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The little boy was shy and seemed to be struggling in school. Then one day, a new teacher came on the smartboard screen in his classroom and began teaching the class Spanish. His face lit up. “I speak Spanish!” he said. His enthusiasm inspired other children to participate and from then on, he became a leader, helping his classmates learn his native language.

The teacher, Gloria Batista (Señora Gloria to her students) tears up as she shares the story. Raised in a bilingual home herself, she met the child while piloting a new partnership between Capital Region Language Center and Arbor Hill Elementary School in Albany, NY.


“To see someone who looks like you and talks like you is powerful,” she explains. Batista has been teaching Spanish with the Capital Region Language Center for 17 years.

The student comes from one of the 20% of families at Arbor Hill who speak Spanish at home, according to Shanae Lawrence, who is Community School Site Coordinator at Arbor Hill. When Lawrence polled students and parents about potential enrichment classes, Spanish language was at the top of the list.


Capital Region Language Center Provides School Language Instruction 

That’s when she reached out to the Capital Region Language Center. For nearly two decades, CRLC has been providing language instruction in area schools. Whether teaching middle school languages at Doane Stuart, high school English as a Second Language at Emma Willard, or providing short-term enrichment programs like the one at Arbor Hill Elementary, CRLC offers nearly a dozen languages, beginner to advanced, pre-K to adult. 

“Our goal was to expose students to language,” Lawrence explains. “And we are big on equity, so being that we have Spanish speaking families, we wanted them to feel a part, while also giving exposure to students who may not have that language experience.”

Capital Region Language Center teaches Spanish at Arbor Hill ElementaryShanae Lawrence, Community School Site Coordinator, explains partnership with Capital Region Language Center.

Today, Arbor Hill is the only neighborhood elementary school in Albany providing Spanish language instruction to students in the primary grades (PreK – 3rd), during school hours. After piloting the program last Spring, Señora Gloria began teaching first graders this September during Hispanic Heritage Month, and will continue providing four-week sessions for the other grades, throughout the school year.


Batista teaches remotely on screen, allowing her to be in all the classrooms of a given grade level at the same time. The classroom teachers take turns unmuting, so she can hear the children in small groups and have them answer questions.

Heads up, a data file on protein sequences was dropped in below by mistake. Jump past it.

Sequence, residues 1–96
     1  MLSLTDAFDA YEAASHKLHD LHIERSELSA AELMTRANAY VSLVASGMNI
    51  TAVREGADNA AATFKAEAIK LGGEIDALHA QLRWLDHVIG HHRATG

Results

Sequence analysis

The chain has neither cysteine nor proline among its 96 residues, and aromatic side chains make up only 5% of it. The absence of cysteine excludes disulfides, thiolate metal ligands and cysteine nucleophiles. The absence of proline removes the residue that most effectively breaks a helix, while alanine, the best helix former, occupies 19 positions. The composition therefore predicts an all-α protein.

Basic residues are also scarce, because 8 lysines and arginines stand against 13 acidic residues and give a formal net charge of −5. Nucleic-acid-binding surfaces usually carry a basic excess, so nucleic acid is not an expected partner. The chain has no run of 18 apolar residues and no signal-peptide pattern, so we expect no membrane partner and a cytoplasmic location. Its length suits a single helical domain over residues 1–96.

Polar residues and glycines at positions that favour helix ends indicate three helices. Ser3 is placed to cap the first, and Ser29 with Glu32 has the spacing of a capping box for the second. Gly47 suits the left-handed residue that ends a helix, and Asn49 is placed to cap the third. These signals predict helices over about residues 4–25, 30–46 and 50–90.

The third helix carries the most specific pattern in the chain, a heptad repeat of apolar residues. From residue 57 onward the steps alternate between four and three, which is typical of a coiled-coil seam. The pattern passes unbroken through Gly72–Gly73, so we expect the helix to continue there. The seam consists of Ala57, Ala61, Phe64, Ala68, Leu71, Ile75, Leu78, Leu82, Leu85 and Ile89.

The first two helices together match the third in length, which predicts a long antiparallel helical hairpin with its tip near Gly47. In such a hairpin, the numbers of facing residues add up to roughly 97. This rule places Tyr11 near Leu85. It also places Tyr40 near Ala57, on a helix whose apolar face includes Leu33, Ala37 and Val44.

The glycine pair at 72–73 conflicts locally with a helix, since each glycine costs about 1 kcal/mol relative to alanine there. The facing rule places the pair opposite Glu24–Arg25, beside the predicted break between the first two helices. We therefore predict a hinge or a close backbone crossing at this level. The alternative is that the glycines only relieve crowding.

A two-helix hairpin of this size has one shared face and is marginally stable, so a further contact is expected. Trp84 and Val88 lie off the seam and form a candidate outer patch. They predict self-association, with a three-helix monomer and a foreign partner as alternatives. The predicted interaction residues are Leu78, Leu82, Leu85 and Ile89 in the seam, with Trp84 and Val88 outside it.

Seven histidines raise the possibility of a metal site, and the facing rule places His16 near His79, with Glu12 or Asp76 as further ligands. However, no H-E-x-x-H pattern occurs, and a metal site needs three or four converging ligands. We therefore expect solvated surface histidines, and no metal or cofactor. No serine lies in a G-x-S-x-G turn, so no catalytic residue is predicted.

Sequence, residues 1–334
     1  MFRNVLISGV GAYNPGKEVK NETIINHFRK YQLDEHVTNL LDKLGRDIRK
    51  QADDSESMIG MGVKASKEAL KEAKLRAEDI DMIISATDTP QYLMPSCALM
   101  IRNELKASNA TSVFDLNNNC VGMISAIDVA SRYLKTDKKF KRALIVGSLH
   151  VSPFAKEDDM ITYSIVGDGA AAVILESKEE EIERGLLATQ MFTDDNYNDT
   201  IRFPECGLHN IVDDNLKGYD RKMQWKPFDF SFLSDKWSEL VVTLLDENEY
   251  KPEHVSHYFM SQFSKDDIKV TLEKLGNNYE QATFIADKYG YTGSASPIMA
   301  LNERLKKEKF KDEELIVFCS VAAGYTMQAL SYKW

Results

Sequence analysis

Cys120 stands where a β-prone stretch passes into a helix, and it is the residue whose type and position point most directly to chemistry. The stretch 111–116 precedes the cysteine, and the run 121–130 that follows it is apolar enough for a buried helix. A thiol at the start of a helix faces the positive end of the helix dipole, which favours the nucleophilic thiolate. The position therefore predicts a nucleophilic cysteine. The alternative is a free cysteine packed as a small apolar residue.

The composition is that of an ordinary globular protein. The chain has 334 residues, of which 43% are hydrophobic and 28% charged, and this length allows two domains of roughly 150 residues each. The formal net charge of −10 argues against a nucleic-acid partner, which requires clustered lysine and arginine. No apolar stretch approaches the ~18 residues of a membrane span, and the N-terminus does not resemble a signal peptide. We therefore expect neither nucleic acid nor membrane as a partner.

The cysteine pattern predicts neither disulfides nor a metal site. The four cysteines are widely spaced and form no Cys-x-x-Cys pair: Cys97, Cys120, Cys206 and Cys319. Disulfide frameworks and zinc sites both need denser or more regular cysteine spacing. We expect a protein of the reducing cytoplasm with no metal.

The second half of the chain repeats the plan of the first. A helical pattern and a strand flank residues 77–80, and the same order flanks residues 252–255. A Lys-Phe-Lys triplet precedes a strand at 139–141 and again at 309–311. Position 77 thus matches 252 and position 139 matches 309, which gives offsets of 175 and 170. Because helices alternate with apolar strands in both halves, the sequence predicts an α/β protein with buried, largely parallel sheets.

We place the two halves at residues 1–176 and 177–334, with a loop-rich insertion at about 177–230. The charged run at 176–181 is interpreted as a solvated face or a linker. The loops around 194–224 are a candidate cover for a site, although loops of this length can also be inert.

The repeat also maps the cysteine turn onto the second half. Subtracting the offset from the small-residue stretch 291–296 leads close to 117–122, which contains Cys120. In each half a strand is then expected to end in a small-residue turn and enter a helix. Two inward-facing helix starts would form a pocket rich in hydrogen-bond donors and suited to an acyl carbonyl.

“You should see their faces when she’s on screen,” Lawrence says. “The students are singing, repeating phrases back to her, the feedback has been great.”


Many Benefits of Language Instruction

Lawrence says having an experienced teacher, providing a high-quality lesson that children enjoy serves multiple goals.

“We know learning another language benefits young brains, and we want to expose students to new opportunities and help prepare them for middle school,” she says. But there is also a more immediate payoff. “When you have something fun and engaging, like Señora Gloria’s class, it encourages students to come to school and helps improve attendance.”

Lawrence says she hopes to expand the partnership with CRLC, to eventually include fourth and fifth grade.

CRLC teacher Gloria Batista leads a Spanish class with first graders at Arbor Hill Elementary School in Albany, NY.Capital Region Language Center teaches language classes for children

CRLC teacher Gloria Batista leads a Spanish class with first graders at Arbor Hill Elementary School in Albany, NY.

Batista, who also teaches Spanish to young children at Malta Montessori and does a Spanish story time at the Clifton Park Library, says she is “in the presence of greatness” every time she is with children. She hopes exposure to a new language and culture impart a lifelong lesson that her students will carry throughout their lives.

“Yes, we’re different, but we are really so similar,” she says.

In addition to school-based classes, CRLC provides instruction in nearly a dozen languages including Spanish, Korean, Arabic and English for businesses, unions and organizations. On-site or online, we offer small classes to encourage conversation or specific one-on-one meetings to address a specific concern (pronunciation, grammar, etc.).

Contact us to get started.